Free at last? Let’s hope so.
The chains are off — mostly.
People — finally — are going about their business in a normal way, save for the relatively few having trouble coming to grips with independence. Wrigley Field was expected to be filled to capacity this weekend for a continuation of the always entertaining Cubs-Cardinals rivalry.
It’s a new day.
After 16 months of an increasingly intolerable coronavirus lockdown, Gov. J.B. Pritzker has unlocked the handcuffs that restrained the activities of 12-million-plus citizens in order to restrain the spread of the coronavirus.
“A strong economy requires that people not only feel safe, but truly be safe ... thanks to the lifesaving power of vaccinations, that day is finally here for Illinois,” said Governor J.B. Pritzker. “I invite all Illinoisans to feel the hope and joy of this moment while also recognizing that this pandemic is still very present for the world at large — not to mention those here at home who have not been or cannot be vaccinated.”
However one feels about the draconian measures the governor took in response to the coronavirus pandemic, he’s incontestably correct on one point — the vaccines created by drug companies in record time did the trick.
Thank God and the genius of dedicated scientists for that reprieve.
That’s why all those who have not been vaccinated and need to be should take advantage of the opportunity to do so.
The overwhelming majority of those who have been vaccinated report no serious adverse reactions.
Not only are they in the range of 90 percent-plus effective, but Carle Foundation Hospital’s statistics show that unvaccinated persons represent most of those who continue to be hospitalized as a consequence of contracting the virus.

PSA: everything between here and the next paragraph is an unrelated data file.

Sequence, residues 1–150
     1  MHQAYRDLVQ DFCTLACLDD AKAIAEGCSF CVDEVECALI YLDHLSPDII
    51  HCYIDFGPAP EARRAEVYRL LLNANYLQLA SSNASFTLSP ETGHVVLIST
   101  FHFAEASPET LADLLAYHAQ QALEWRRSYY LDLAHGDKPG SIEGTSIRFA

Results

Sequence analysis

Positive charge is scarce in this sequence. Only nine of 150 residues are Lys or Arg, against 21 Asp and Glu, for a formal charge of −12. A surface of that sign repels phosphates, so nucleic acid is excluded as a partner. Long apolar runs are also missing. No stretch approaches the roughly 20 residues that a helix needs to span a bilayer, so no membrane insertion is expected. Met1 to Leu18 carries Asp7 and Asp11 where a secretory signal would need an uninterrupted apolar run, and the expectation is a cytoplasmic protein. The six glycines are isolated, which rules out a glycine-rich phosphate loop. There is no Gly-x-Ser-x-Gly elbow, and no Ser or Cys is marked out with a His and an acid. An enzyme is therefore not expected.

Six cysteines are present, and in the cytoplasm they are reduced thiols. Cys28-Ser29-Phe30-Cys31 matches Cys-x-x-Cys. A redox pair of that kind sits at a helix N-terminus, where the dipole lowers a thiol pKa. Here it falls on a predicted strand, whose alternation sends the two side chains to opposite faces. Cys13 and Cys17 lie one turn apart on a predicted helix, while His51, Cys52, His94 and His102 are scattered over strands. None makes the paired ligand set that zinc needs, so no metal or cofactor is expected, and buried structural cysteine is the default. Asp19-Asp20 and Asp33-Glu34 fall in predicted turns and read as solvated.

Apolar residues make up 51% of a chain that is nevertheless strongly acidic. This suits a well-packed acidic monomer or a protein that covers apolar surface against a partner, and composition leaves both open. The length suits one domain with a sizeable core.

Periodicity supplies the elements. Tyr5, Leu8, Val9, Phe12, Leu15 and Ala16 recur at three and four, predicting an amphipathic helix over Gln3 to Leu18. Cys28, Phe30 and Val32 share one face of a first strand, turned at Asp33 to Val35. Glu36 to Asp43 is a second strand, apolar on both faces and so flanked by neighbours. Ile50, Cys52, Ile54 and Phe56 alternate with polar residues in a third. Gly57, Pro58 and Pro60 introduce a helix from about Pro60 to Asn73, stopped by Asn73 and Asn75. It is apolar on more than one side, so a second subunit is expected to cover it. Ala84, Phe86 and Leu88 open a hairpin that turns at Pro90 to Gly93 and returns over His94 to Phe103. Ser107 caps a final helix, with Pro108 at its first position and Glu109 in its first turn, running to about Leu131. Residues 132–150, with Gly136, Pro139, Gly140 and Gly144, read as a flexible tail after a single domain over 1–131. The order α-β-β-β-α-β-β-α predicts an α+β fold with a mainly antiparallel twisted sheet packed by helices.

Plus there’s another big advantage — fully-vaccinated people in Illinois can resume activities without wearing a mask. There are a few exceptions, including local business and workplace guidance. But they’re mostly history — and good riddance.
The governor hopes that 70 percent of Illinois adults will have received their vaccination by July 4, and only the reluctance of some unduly suspicious people and members of certain groups will block reaching that goal.
Skeptics should remember, as the governor noted, that “Illinois is recording the lowest number of hospitalizations and test positivity rates since March 2020.”
Those were the beginning of the dark days in Illinois. Whether right or wrong, Pritzker was among those governors who took the most aggressive steps toward limiting spread of the virus. People will probably find out in a few years — after proper studies have been made about what worked and what didn’t — whether he was right to do so.
What’s important for the moment is that the time of darkness has passed and sunshine and normality await us all — barring some type of unforeseen disaster.
Let’s hope everyone does what they can to prevent that from happening.